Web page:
I've got a couple of months of an extra day of leisure before I start college again in mid-September; let's see if that will be enough to get the veg patch in shape.

Veg and fruit garden June

30 Jun 2013

We have fruit!

Braeburn apples

Earlier in the year, as gales threatened the prolific blossom on the fruit trees, I wondered whether the small numbers of bees would have had enough time to pollinate the blossom before it blew away.

Last year an early unseasonably warm spell followed by extended bad weather put paid to any fruit forming on the trees.  But this year I had optimistically hoped for a reasonable fruit harvest.

My fruit trees are now 4 or 5 years old and it can take several years for plums and pears to start cropping. The Braeburn apple trees gave us a small handful of fruit a couple of years ago (but nothing last year) and the Morello cherry trees seem to have fruited well but, who knows, most of the fruit falls or, I suspect, is eaten by birds. The pear and plum trees have never yielded a single fruit ... so far.

Last weekend, I was very excited to notice the signs of fruit to come. Raspberries, tons of strawberries (all the plants seem to be incredibly healthy this year), redcurrants, cherries, apples - but it looks like the plums and pears didn't make it ...

And to munch on in the meantime, a hedgerow snack of the seedpods of a rather beautiful Sweet Cicely plant. (If you like the taste of aniseed.)

Cicely n Seeds

Do you remember the lemon tree that I brought in from the cold 18 months ago? It continues to live behind glass on the stairwell outside my flat and has recently produced several flowers which are slowly becoming tiny lemons.  A novelty, I'm sure, but still lovely to see!

Lemons, maybe

By next year, I hope I'll be able to add more fruit to this list as I've planted out a rhubarb (Glaskins Perpetual, grown from seed) which has taken very well, a red gooseberry bush and a Honeyberry bought new this year at the RHS show in February. I'm not expecting fruit this year but should have some strange bell-shaped blueberry tasting fruit  next year. It's a plant that Mark Diacono highly recommends in his book 'A Taste of the Unexpected' so expectations are high.

I've also added a Chilean Guava (Ugni molinae) earlier this year. It's growing in a pot so that it doesn't get overwhelmingly large - in due course these plants can reach 2 metres high in the right conditions. It fruits in the winter so that's another one to look forward to, possibly next year, hopefully this one.

Lastly, I've just planted out a Chinese Gooseberry (Physalis), grown from seed in a pot where it lived on my balcony last  year.  It has the most wonderfully soft, velvety leaves that I loved to stroke (!) so I'll miss it now that it's downstairs.  It didn't fruit so it's now gone outside where its roots can stretch out for nutrients and feed the plant to provide some flowers and then fruit.  It's perennial so hopefully won't grow too large! (and I can always grow another touchy-feely one for my balcony!)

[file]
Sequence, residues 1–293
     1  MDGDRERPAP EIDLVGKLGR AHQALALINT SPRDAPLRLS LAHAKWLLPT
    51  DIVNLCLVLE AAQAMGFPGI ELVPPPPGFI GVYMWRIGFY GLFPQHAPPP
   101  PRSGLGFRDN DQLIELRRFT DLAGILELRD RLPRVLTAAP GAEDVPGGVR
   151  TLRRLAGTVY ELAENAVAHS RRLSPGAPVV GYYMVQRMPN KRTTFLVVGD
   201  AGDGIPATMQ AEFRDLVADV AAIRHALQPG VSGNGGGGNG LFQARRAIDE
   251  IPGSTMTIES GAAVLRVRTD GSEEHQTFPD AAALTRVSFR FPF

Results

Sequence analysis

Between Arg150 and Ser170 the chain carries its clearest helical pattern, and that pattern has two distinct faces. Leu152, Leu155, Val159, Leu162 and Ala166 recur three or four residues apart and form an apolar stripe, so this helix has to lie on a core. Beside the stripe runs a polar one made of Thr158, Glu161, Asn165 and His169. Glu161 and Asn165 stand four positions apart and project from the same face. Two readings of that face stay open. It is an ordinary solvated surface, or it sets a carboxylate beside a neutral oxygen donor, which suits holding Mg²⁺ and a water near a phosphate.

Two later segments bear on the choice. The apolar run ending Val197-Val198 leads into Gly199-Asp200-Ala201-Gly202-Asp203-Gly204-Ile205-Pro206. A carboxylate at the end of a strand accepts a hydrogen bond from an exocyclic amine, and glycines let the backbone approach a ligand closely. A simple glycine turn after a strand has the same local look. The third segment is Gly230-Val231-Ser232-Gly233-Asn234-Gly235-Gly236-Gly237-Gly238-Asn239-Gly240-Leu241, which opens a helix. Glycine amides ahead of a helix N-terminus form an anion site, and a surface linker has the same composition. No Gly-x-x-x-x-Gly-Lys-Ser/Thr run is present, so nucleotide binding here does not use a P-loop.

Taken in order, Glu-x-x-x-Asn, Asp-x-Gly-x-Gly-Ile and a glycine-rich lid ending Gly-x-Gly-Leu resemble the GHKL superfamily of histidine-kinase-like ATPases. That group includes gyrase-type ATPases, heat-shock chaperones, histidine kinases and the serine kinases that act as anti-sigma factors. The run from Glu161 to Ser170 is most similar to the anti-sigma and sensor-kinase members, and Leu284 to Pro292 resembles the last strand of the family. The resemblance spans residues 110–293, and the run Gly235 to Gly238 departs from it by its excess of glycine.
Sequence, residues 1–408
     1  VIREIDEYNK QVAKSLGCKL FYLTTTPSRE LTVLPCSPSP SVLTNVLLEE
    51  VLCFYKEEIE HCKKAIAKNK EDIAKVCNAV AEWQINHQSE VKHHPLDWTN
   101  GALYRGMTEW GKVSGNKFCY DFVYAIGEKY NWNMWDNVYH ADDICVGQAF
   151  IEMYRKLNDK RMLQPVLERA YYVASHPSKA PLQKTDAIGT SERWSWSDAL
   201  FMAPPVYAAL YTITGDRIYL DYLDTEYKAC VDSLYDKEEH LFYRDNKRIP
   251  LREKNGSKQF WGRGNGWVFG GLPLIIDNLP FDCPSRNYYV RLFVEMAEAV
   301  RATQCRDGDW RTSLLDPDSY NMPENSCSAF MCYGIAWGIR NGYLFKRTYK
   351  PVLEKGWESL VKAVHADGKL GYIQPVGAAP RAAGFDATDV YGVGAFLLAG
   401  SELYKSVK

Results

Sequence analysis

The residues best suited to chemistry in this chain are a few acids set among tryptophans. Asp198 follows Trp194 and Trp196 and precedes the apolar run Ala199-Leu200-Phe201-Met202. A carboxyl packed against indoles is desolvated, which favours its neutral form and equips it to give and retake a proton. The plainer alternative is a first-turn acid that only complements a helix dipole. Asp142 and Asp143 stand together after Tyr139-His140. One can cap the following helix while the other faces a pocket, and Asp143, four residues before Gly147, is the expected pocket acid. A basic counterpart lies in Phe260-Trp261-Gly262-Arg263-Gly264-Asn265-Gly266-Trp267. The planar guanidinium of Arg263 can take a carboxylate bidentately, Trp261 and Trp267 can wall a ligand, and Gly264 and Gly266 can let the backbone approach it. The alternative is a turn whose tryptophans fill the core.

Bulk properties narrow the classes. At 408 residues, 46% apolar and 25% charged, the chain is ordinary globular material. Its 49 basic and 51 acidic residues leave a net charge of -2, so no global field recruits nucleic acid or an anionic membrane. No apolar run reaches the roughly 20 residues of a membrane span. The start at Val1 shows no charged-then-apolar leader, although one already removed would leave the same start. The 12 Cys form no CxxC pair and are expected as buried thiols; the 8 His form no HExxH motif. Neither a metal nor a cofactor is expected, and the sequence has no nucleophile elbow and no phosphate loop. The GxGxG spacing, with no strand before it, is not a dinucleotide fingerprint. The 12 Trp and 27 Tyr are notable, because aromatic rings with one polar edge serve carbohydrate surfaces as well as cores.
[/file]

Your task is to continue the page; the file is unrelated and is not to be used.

I've just realised that it's the end of the month - June! gone already!! - so I'll post twice today and try to get an end of month view up.

9 Jun 2013

Friend or foe?

Symphytum bee

Symphytum officinale, or comfrey as it's better known, is one of the those plants that was on my 'must have' list for the garden.  I bought a sturdy little plant from Jekka McVicar's Herb Farm last year and, forewarned, planted it into a large pot (rather than the ground where its huge tap root can make it difficult to get rid of).  This year it's grown huge and flowered prolifically, bringing a splash of early colour to the veg patch and, as I pottered around on Saturday, I noticed that it was enticing many bees into the garden too.

This morning, a friend asked me what the plant was - it's very beautiful at the  moment, with loads of purple flowers.  I answered that it was both the gardener's friend and foe.  Compost activator, beneficial mulch for fruit trees, soil enhancer for potatoes and beans when chopped up and buried in the soil under the plant, raw material for liquid fertiliser; balanced against that, it can be a bit invasive and has a hugely deep tap root making it virtually impossible to get rid of once established.

I've used the chopped up leaf method under my potatoes this year. Because the leaves were chopped up, they'll decompose quickly releasing nutrients into the soil that boost leaf production; more leaves, more potatoes.  Let's hope it works! It's also said that slugs love munching on comfrey leaves so it could be a good idea to lay a carpet of leaves on the soil, wait, then slip out at night (or early morning) and roll up leaves and slugs in one go for disposal.  Now that's got to be worth a try!

I think, being carefully planted, my comfrey is more of a friend.  I've also read that the plant is excellent for healing cuts and arthritis - has anyone tried it for this?  I'd be very interested to know what you found out! 

If interested to read more about this plant, there's an excellent info page over at Seedaholic.